The death of a thousand cuts. Situations that call for retreat are often chaotic in appearance. They involve lots of small blows seemingly coming from everywhere. No one is enough to destroy us by itself, but taken together we are harried. Retreat in these circumstances is not a result of reacting to a single overwhelming force but responding to an untenable situation by drawing-again, by re-drawing, retreat. Removing one’s self from the source of irritation and confusion allows us to regroup. It also demonstrates Bohm’s “diligence.” We are “taking pains” to sort out our situation and we are not being inattentive – inattention being another way of looking at the state of confusion brought on by our “thousand cuts.” Remember, it’s not “them” who are “making” us angry or confused or inattentive. We do these things to ourselves. And since this is true, the most direct field of action is to do what is in our power to change this. We remove ourselves from the conditions that lead to our inattention and restore our attention.

Let’s follow this from another perspective. David Bohm likened our overall predicament to a situation in which a stream is polluted. If we remain reactant we continue to look for ways to “clean” the water downstream from the point at which it is being polluted. Such efforts are futile. This is plainly clear. We are in Shakespearean territory here! “Out Out Damn Spot!” No amount of scrubbing will do anything but smear the stain around.

Yet this is what we do continually. We ignore anything that calls attention to the futility of this course. “That’s pessimistic!” “I need hope!” “Don’t disillusion me!” We strive to maintain whatever scope we can fool ourselves into thinking we have because to do anything else would be to retreat! Would be to loose our resilience.

Yet, any such effort can only end in destruction. We know that. Remaining within dysfunctional illusions out of desperation only enforce our continued degradation. This is the ultimate force driving corruption. Remember that before corruption was “the-way-of-the-world, quid-pro-quo with a-wink-and-a-nod,” it was rotting, disintegration. It still is that, and this is how it works.

Bohm suggests that if the original source of the pollution we strive to clean up is in how we misinterpret thought and are taken in by the illusion of a self, and then, all the divisions and conflicts that arise out of this original error, this pollution of the stream: Why don’t we remove this source directly?

To do so is demonstrably not a futile action. By recognizing and acting on the insights regarding our emotional proprioception, that we “do” these things to our selves; and by seeing that unlike the projections outward onto the other that keep distracting us and dividing our attention into ever smaller scraps, ever greater levels of inattention/confusion; this is something we can actually affect.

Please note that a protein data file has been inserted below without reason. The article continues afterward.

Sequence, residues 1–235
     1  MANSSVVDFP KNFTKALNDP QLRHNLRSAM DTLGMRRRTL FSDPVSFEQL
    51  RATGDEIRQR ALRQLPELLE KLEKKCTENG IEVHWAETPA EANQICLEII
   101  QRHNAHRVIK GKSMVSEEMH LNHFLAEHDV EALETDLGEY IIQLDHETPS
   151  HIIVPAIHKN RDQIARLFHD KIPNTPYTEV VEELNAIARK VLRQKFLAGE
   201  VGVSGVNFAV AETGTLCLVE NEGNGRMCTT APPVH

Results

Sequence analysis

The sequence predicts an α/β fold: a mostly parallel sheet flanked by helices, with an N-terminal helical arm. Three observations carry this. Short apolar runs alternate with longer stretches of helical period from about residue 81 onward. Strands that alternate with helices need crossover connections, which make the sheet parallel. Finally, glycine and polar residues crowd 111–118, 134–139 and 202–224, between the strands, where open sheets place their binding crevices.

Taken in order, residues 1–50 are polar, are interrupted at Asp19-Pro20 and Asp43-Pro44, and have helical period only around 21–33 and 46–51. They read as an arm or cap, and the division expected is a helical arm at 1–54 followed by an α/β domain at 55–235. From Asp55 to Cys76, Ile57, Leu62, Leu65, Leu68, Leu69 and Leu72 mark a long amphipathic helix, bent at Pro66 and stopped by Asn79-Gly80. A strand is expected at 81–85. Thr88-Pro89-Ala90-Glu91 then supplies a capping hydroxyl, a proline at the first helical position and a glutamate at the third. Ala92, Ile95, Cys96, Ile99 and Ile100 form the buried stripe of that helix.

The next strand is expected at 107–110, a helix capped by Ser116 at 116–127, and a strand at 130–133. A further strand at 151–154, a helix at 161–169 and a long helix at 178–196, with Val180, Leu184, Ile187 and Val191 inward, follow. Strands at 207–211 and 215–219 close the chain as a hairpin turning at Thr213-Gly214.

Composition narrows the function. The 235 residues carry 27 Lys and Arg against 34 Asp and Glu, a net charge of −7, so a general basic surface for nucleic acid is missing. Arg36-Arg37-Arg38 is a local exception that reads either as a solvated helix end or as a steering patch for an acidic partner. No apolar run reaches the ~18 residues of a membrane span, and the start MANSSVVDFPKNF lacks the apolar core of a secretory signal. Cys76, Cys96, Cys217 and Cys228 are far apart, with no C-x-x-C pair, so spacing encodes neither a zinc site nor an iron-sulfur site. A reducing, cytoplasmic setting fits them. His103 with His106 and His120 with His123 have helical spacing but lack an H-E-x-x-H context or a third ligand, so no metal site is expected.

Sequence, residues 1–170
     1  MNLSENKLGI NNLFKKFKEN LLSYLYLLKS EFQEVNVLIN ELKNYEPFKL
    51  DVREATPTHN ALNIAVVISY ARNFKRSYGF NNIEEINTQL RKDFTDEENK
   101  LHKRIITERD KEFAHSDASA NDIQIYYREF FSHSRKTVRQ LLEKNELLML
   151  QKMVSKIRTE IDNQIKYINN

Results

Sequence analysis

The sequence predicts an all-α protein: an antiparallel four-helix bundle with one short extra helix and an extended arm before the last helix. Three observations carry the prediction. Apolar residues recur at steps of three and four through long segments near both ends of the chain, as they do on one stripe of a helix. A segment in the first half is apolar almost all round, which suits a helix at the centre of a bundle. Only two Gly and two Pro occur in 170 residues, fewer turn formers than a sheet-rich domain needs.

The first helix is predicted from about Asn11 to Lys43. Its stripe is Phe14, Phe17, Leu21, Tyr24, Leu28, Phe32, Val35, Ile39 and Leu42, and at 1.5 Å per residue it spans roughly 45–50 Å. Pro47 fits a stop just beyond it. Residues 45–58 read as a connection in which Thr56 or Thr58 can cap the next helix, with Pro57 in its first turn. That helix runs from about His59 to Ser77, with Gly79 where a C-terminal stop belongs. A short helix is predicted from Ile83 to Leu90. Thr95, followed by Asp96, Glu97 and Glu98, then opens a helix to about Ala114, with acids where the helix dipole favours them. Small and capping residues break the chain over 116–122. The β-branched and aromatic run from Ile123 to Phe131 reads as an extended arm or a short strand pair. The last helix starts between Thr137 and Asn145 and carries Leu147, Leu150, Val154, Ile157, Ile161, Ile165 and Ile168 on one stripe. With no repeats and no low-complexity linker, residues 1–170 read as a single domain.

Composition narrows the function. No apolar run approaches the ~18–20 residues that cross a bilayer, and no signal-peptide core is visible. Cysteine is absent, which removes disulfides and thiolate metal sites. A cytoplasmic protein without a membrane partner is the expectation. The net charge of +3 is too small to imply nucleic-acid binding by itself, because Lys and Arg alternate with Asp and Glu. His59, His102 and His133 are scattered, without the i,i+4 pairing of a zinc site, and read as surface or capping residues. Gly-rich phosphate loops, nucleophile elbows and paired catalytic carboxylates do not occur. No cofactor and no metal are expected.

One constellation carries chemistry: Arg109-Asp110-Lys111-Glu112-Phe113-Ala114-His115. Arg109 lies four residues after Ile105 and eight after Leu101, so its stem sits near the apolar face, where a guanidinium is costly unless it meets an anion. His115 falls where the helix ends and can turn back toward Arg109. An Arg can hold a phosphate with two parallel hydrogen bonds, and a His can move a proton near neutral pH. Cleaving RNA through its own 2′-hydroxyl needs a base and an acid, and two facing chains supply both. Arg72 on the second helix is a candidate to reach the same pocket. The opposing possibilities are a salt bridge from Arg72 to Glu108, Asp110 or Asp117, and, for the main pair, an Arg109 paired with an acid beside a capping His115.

Does removing a source of pollution immediately eradicate all of its effects? No, of course not. So, the evidence of continued outcomes that continue to flow through the system will inevitably continue to present themselves well after their origin has been shut-off. But while our Ego cries out for us to maintain the illusion of its existence and efficacy using all these examples as its “evidence;” it cannot offer us anything but a continuation of the present conditions and their ultimate worsening to the point of general and complete destruction.

Removing the source does have an immediate effect. Lifting the weight of futility off our shoulders and opening us to sources of strength that Ego’s striving keep out of our reach, does put our attention squarely on what is at issue and on an arena in which we do have agency. Letting go of striving, retreating, and looking at the complexity of issues of resilience; all work to strengthen our attention and remove sources of inattention.

What more can we ask for?

What more do we need?

5 thoughts on “Retreat & Resilience

  1. Tony,

    So, maybe retreat IS an example of resilience, and resilience IS necessary for a planned and successful retreat. Retreating shows flexibility of thought and the good sense in re-grouping, pulling back, and changing strategies.

    Sometimes, we can feint a retreat, just to draw the”opponent ” in. If the “opponent” persist and pursues, we can fill and flank back around it and close in from the rear. Isolating an element of an opposing force allows for dissemination of the whole.

    Some problems can’t be dealt with head on. They must be engulfed and digested a piece at a time, OR, infiltrated and penetrated from within.

    Penetration and eating the “opposition” from within would be another kind of resilience, another adaptation. Adaptation and resilience are mutual ‘combinants’.

    Can the “enormity” be tackled in these ways? Are these useful stratagems
    out side the realm of militarism ?

    John

    • John,

      I never mentioned opponents or militarism. These are obvious assumptions attached to retreat, at least. But, as I was writing I sought a way to discuss retreat and resilience outside this narrow context.

      As soon as we insist on opponents we are mired in conflict. As long as we make those distinctions we have no way out of futility. Is it “easy” to find another way? No, but it is futile to remain in the old way.

      Militarism is futility to the nth degree. So long as we were fighting here and there and there was no impact on the whole of our world we could get away with sometimes gaining a temporary advantage through military means, but now? Once a bad habit’s ill-effects encompass an entire system they can no longer be escaped within that system. Now that this is true for the entire world there is nothing more futile than continuing to chase after military “solutions.”

      This all ties back into that illusion of security. We keep sliding right past that one! There is no security. But in the name of wishing for security we destroy everything.